Students walk to raise money for HIV/AIDS

The 25th annual AIDS Walk Washington raised nearly $100,000 more than last year’s event despite rainy and cold weather Saturday morning.

The charity event, hosted by the Whitman-Walker Health center, raised nearly $840,000 and attracted more than 30 students from 15 different campus organizations.

“I have an uncle who has had AIDS for 15 years, so this is why I walk. It’s an illness with a lot of stigma,” sophomore and Student Global AIDS Campaign Director of Media and Outreach Katie Wynne said. “So for people who don’t fit the image, it’s good for them to go. People can see that people who have AIDS are not like this or that.”

As rain continued to pour throughout the morning, hundreds of participants huddled under umbrellas at Freedom Plaza to begin the walk or join in the 5K timed run. VIDA Fitness, a D.C. gym and fitness chain, guided a warm-up for the participants.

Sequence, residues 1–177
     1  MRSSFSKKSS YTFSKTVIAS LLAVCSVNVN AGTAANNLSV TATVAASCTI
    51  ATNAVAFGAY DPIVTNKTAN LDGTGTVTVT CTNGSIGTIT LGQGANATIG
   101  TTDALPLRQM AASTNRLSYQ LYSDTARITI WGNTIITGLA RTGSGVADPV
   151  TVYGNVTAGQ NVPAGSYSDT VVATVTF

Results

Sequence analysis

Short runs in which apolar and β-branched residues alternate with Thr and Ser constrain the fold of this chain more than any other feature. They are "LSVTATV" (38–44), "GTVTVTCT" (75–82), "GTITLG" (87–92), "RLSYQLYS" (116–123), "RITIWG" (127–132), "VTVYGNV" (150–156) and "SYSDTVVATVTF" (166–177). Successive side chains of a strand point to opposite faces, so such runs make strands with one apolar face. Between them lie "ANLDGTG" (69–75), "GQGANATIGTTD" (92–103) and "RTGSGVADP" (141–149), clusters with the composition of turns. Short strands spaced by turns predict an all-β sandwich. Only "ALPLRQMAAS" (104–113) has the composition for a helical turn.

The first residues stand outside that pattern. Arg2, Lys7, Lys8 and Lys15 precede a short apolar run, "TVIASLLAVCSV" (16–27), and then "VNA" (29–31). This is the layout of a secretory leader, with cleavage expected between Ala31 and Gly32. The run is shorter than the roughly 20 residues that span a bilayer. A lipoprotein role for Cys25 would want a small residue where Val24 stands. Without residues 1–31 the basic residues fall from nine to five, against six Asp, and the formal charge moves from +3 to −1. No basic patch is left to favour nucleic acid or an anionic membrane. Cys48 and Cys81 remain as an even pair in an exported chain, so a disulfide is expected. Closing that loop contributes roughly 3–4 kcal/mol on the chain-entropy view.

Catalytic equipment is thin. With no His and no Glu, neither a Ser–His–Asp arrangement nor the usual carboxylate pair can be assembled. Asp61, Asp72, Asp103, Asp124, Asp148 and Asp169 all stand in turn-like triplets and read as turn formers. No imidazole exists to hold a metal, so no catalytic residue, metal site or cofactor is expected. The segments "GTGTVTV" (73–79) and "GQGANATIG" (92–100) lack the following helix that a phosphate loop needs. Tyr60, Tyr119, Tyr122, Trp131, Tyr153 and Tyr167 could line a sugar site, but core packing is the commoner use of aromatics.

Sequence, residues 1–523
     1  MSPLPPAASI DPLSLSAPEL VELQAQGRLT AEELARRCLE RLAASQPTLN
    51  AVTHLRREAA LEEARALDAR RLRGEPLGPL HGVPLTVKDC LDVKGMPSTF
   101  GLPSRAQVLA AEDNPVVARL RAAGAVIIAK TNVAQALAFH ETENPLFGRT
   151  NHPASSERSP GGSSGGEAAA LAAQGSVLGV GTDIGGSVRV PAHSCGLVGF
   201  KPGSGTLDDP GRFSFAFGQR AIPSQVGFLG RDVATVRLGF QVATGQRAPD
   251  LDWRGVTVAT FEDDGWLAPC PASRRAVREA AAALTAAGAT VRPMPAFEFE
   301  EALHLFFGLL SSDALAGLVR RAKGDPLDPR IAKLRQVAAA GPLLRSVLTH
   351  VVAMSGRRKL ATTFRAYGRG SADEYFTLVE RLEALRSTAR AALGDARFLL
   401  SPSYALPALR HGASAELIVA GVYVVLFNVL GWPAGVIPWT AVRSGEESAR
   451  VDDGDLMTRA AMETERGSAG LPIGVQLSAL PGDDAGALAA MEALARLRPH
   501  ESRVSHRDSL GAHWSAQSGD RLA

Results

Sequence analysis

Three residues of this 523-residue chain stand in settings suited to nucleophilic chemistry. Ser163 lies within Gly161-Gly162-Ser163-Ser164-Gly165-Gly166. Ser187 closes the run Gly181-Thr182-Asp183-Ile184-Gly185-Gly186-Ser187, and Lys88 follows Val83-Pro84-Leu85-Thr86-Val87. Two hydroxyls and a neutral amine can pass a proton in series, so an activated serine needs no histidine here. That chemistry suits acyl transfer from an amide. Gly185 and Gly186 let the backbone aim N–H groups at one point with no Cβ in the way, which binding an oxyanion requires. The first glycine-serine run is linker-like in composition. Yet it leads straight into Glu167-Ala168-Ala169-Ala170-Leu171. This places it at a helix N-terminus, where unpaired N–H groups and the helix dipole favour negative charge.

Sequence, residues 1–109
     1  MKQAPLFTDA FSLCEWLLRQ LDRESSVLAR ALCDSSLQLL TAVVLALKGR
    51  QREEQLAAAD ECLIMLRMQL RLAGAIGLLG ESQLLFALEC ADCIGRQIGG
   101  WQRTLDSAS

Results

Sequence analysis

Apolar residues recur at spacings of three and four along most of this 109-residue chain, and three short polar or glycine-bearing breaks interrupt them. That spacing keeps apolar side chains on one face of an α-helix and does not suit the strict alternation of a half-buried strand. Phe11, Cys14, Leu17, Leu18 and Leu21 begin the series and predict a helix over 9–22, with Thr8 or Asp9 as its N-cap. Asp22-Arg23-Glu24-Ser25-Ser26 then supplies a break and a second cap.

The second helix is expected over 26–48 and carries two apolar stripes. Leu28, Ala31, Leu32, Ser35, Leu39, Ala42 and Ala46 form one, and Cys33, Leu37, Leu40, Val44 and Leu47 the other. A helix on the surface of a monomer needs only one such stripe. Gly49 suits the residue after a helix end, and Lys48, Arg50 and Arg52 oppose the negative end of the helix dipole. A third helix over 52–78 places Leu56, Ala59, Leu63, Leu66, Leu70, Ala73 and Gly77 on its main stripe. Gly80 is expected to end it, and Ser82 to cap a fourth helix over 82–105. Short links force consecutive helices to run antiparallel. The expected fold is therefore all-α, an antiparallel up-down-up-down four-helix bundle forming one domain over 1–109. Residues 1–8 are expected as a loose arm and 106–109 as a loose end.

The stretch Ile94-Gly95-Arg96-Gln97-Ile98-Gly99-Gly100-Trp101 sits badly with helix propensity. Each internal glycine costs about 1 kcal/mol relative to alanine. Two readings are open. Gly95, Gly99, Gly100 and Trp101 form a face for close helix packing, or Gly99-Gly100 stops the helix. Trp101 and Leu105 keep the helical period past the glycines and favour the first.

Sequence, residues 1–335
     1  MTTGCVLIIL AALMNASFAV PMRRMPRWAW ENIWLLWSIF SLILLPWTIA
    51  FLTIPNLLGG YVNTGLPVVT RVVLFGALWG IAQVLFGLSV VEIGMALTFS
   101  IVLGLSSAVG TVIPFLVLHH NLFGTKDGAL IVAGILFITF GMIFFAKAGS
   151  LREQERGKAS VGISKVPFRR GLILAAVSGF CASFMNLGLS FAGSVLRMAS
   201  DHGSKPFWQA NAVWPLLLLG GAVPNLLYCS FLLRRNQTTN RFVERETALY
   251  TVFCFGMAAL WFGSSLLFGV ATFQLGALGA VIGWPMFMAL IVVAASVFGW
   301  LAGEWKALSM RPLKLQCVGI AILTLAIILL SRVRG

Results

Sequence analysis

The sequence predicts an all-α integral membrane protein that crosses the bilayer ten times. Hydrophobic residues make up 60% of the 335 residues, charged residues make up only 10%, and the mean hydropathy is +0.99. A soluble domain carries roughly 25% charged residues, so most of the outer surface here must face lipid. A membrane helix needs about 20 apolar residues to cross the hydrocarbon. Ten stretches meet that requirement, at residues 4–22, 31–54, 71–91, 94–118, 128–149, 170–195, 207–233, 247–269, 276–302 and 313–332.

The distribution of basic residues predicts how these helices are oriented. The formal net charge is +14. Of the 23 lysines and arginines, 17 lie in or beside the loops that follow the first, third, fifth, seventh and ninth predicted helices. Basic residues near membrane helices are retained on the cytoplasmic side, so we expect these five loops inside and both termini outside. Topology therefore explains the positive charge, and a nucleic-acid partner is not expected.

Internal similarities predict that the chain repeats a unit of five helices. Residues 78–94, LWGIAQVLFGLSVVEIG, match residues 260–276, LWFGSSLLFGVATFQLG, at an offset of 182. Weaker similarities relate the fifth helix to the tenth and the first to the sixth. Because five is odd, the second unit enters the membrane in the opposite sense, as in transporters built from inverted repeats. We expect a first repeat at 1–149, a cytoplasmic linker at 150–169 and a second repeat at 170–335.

Jessie Hurd, the women’s water polo team’s captain for the AIDS walk, said the team wanted to participate in an event that gives back to the city that supports them by attending games.

“Community service is something our athletic director is emphasizing,” Hurd said.

Thirteen team members participated in the walk and raised $1,269.

Megan Brolley, a sophomore on the team, said she enjoyed the group exercises.

“The exercises got us pumped up and put us in a good mood even in the rain,” she said.

GW groups and schools raised about $13,000. Participants ranged from the Student Global AIDS Campaign to cultural and Greek organizations and different schools within the University.

About 3 percent of District residents have HIV/AIDS, according to the walk’s website, accounting for more than 16,000 people across the city. The statistic translates to about one in 20 D.C. adults.

Senior Miguel Alvarez, the president of the Organization of Latino American Students, said he participated in the walk for a second year.

“We’re here to support brothers and sisters and fight for this cause,” he said, adding that HIV/AIDS is generally a big issue in the Latino community.

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